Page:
Higher mortgage rates are taking a heavy toll on first-time buyers, with increasing numbers of aspiring homeowners feeling priced out of the property market.
Over the next five years, 426,000 fewer first-time buyers will make it on to the housing ladder, according to analysis by Leeds Building Society, when placed against the 40-year average of 340,000 first time buyer purchases a year.
Many will instead remain in an under-supplied lettings market, paying ever-higher monthly rents.
The cause, according to Leeds BS, is a combination of historically high house prices, high deposits, and high mortgage repayments.
We look at how severe the situation is, and what first-time buyers need to think about when deciding whether they can afford to buy.
Shut out: Over the next five years, 426,000 fewer first-time buyers will make it on to the housing ladder, according to analysis by Leeds Building Society
While rumoured Government interventions such as lifting the Lifetime Isa cap or extending the Mortgage Guarantee Scheme might change that trajectory, Leeds’ five-year prophecy already seems to be unfolding before our eyes.
Although the whole housing market has been affected, first-time buyer completions have fallen faster than the rest of the market, according to Leeds’ analysis.
It reported that in March 2023 first-time buyer numbers were 24 per cent lower than in March 2022 – when mortgage rates were much lower.
First-time buyer numbers don’t appear to have recovered as the year has progressed either.
Mortgage approvals for house purchases, which indicate future borrowing, are down by more than a third year-on-year, according to the latest Bank of England data.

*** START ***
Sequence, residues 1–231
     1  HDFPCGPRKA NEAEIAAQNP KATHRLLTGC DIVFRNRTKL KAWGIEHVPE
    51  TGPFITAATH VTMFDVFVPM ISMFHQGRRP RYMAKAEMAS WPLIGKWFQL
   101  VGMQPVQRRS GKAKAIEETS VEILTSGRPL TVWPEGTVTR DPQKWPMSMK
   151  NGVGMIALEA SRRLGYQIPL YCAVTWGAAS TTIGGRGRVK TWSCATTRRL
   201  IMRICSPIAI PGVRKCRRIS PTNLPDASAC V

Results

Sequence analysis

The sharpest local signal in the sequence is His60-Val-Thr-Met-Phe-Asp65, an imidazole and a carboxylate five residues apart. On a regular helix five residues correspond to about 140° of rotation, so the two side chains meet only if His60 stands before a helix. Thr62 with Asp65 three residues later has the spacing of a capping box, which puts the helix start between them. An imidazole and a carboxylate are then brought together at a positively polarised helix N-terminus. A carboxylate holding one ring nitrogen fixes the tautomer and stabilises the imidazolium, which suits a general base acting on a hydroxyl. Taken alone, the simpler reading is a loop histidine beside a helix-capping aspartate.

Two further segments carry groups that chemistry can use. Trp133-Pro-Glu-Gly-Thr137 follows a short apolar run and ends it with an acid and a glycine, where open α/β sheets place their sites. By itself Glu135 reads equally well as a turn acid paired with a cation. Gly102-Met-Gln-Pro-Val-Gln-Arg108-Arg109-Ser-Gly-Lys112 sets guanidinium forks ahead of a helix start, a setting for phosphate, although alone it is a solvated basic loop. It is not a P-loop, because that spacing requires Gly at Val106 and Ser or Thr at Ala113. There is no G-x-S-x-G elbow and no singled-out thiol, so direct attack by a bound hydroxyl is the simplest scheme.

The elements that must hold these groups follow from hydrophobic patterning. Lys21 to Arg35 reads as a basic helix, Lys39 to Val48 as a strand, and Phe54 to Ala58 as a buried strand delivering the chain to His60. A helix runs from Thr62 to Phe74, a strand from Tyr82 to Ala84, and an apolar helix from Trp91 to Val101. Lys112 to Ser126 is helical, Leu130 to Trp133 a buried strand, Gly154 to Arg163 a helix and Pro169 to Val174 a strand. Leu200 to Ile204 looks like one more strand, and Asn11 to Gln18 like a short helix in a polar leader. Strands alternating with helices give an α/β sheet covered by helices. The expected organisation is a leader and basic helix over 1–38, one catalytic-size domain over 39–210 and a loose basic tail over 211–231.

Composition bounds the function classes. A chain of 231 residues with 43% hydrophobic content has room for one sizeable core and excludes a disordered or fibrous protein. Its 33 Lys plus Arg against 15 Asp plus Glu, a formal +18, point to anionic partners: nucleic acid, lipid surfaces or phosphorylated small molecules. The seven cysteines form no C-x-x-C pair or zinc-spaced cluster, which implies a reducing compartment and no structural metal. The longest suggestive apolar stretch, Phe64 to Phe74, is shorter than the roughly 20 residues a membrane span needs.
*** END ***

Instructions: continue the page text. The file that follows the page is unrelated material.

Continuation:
Across the whole market, mortgage approvals fell from 45,400 in August to 43,300 in September – the lowest level since January.
To put that in perspective, during the same time last year, mortgage approvals for house purchases fell from 74,400 in August to 67,200 in September.
Slump: Mortgage approvals for house purchases fell to 43,300 in September, the lowest level since January 2023, while remortgage approvals fell to the lowest level since January 1999
While higher mortgage rates have hit many home movers and buy-to-let investors, first-time buyers may be feeling the extra costs more acutely.
The mortgage broker John Charcol says that in the nine months between January and September this year, only 7.4 per cent of its customers have been first-time buyers.
During that same period of time last year, 10.1 per cent of all its customers were first-time buyers.
This chimes with data provided by UK Finance. It said there were a total of 133,630 new first time buyer mortgages agreed in the first half of this year.
That’s down from 193,650 first-time buyer mortgages in the six months between July and December last year and down from 176,220 in the six months prior to that.
First-timers still buying show caution
Additional data suggests that those first-time buyers who have decided to push ahead and buy despite higher mortgage rates are being cautious not to overstretch themselves financially.
Last year, the average first-time buyer borrowed at an average of 3.62 times their annual incomes, according to UK Finance.
So far this year, the typical first-time buyer is borrowing at 3.37 times their income.
They are also lengthening the term of the mortgage. This is the number of years they agree to repay their mortgage for.
By choosing a longer term, buyers can reduce the amount of their monthly payments – but as interest continues to accrue for longer, they will pay more overall.
The average term of first time buyers’ mortgages has steadily been increasing over time. In 2005, the average term was 25 years. Today, it is 31 years.
The average deposit put down by first-time buyers remains around the 25 per cent mark, according to UK Finance.
In the next five years, the number of aspiring homeowners priced out of the market could be enough to fill a city bigger than Coventry
Richard Fearon, chief executive of Leeds Building Society, said: ‘More than a decade of low interest rates have papered over the cracks in the housing market.
‘It has masked a growing gap between people with the ability, or family help, to build ever-higher deposits and stretch their repayments, and those who cannot.
‘If left unaddressed the gap will become a chasm – in the next five years, the number of aspiring homeowners priced out of the market could be enough to fill a city bigger than Coventry.’
This is what first-time buyers need to consider in today’s high-rate environment.